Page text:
Scott’s love affair with simplistic forms in shimmering gold, influenced by Zen Buddhism, as well as his earlier work with striking Bauhaus tones in a brilliant rainbow of colours, appear to mirror his long colourful life. This is the impression that I get as I continue to appraise this collection and discover through numerous warm and heartfelt letters, postcards, greetings cards and fax mail from adoring friends and colleagues. Adored not just for his art, his skill and his professionalism, but for his friendship, his kindness, his witty humor, his understanding and his wisdom. I began this project with the artist in mind, his work and the influence it has has on my own practice; but now I have begun to get a glimpse of the person, and a life filled with love and expression. (Note: All photographs are taken for documentary purposes*)

The making in the studio still continues. I have just completed a series of six paintings titled ‘Sigil I-VI’. One of these in currently on display at the Dunamaise Gallery for their annual Winter show. The work attempts to interpret various forms of mystic ritual and meditative aids inspired by religious iconography, Zen and Sufi art.


Thirteen boxes: the Patrick Scott Collection in its totality.



Brochure design for the Dublin International Theatre Festival, 1957.


A design for a Brown Thomas lighting brochure, 1952.


Early designs for an Irish tourism brochure


One of Pat’s infamous cat drawings from a fax mail:)


The Hares on the March campaign was finally launched on  November 12th at the RDS. It’s has been a long month moving the hare from my studio to the kitchen table, to the studio, and then back to the kitchen again, BUT it was completed on time for the deadline…phew!

I have to say that, I really enjoyed working on it and I was sorry to say goodbye to this beautiful object. The mysterious hare is an animal I always adored from Irish wildlife so it really was a pleasure to be apart of this project, as well as helping to raise awareness about the Jack and Jill Foundation. Looking forward to seeing all the other hares dotted around the city in 2016. The design is inspired by my love of the paintings of Henri Rousseau, Patrick Scott and all manner of life from the natural world, as well as the mystical. Below are some shots of the making of  ‘Midnight’s Fable.’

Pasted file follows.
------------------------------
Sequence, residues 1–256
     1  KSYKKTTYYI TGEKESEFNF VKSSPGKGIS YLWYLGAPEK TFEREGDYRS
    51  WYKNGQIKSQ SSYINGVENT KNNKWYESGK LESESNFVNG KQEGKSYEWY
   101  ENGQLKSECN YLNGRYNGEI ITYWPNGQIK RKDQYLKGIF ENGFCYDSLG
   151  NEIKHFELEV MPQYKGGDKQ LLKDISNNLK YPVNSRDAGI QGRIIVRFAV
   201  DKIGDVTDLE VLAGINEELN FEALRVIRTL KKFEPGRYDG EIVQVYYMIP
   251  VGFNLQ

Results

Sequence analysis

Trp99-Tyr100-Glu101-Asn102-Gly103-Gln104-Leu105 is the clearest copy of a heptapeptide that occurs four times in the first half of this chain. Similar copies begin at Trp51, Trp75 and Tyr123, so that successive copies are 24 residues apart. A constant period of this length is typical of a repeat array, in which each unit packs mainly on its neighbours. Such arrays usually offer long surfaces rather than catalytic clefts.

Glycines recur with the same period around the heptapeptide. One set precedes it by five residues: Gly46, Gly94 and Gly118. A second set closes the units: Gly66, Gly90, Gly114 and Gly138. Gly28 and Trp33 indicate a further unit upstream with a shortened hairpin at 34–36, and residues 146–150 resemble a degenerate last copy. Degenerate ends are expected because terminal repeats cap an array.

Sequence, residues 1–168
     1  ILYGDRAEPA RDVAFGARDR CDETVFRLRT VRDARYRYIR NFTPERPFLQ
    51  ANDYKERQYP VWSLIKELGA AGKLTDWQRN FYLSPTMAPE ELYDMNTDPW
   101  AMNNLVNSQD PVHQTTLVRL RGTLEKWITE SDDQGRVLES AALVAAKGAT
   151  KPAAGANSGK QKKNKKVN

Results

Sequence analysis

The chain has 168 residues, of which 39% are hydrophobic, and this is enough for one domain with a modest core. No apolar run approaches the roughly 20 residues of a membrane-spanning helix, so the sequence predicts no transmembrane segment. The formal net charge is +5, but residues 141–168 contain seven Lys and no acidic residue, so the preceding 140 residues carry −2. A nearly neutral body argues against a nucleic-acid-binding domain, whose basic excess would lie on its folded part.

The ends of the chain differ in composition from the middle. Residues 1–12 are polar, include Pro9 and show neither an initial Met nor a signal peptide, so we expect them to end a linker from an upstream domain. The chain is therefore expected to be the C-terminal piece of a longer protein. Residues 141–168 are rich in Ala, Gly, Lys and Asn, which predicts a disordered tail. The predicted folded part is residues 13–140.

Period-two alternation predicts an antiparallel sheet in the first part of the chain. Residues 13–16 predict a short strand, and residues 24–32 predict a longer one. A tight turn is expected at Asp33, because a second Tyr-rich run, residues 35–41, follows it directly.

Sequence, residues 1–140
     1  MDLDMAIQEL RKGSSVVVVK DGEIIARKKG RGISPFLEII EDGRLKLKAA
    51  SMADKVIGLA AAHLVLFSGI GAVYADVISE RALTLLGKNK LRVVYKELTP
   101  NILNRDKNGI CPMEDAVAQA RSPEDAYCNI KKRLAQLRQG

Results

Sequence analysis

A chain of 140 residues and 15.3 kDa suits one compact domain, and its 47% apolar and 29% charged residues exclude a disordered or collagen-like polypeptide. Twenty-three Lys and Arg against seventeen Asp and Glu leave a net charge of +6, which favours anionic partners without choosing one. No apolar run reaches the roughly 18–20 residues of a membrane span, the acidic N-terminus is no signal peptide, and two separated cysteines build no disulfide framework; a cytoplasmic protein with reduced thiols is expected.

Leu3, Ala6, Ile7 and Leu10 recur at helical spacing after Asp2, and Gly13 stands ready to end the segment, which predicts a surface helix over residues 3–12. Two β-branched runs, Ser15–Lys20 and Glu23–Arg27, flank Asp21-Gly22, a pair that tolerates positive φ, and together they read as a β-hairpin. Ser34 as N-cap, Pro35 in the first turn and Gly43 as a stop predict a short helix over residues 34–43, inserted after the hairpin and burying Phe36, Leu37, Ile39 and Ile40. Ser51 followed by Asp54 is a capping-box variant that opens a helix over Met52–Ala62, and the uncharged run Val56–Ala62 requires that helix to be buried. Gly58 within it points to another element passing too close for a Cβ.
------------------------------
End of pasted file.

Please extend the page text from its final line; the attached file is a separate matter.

Please click here if you would like to find out about sponsorship and how you can raise money for this worthy cause.

Keep an eye out for ‘Midnight’s Fable’ around Dublin city in the coming months! :)

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Work in progress, at the studio in Laois…

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…and my kitchen table in Dublin…


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I had the privilege to have digitised images for Nicola Gordon Bowe’s new book ‘Wilhelmina Geddes: Life and work.’ Such a beautiful publication about an extraordinary artist. The book was launched on Thursday 29th October at the Irish Architectural Archive.


Wilhelmina Geddes (1887–1955) was a vital figure in the Irish Arts and Crafts movement and the 20th-century British stained glass revival – a medieval-modernist painter of rare intellect, skill and aesthetic integrity. On her death she was described as ‘the greatest stained glass artist of our time’ but since then she has been largely forgotten.

Wilhelmina Geddes (1887–1955) was a vital figure in the Irish Arts and Crafts movement and the 20th-century British stained glass revival – a medieval-modernist painter of rare intellect, skill and aesthetic integrity. On her death she was described as ‘the greatest stained glass artist of our time’ but since then she has been largely forgotten.

This magisterial account aims to bring Geddes, her world and her work to the wider audience that she deserves. As she moved from Belfast (where she attended art school), to Dublin (where she studied under William Orpen and worked with Sarah Purser at An Túr Gloine) to London (where she lived and worked throughout the Second World War and its aftermath), Geddes continued to produce stained glass and other works of unique power and originality.